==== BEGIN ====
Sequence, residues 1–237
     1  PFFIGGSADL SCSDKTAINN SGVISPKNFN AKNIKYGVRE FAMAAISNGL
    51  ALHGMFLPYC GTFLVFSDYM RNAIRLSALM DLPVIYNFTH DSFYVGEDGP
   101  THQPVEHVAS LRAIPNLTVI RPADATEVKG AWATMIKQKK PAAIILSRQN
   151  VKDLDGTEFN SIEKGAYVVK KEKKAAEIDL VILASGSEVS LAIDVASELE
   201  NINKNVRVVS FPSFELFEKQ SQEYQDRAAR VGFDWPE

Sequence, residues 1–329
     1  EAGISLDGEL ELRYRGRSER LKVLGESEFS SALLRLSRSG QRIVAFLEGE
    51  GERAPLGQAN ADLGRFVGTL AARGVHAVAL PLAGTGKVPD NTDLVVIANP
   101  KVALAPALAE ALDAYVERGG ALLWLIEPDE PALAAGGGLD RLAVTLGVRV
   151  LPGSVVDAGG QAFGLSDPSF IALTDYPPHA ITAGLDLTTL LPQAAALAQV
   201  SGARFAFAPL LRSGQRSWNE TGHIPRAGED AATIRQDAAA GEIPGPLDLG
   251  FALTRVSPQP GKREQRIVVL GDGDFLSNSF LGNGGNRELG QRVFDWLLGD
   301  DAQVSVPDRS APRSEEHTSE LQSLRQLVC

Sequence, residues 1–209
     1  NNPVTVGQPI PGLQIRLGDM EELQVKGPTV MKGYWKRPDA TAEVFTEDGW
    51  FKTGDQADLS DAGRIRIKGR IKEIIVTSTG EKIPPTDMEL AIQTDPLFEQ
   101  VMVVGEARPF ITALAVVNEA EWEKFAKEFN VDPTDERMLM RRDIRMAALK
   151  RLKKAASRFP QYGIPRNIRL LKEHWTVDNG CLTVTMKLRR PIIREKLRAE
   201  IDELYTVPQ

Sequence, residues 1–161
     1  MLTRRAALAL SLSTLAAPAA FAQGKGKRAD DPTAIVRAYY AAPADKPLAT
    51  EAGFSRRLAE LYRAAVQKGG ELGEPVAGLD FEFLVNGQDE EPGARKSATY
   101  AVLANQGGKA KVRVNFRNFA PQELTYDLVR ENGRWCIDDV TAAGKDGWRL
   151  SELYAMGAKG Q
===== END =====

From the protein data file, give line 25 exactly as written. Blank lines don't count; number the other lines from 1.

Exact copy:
   151  SELYAMGAKG Q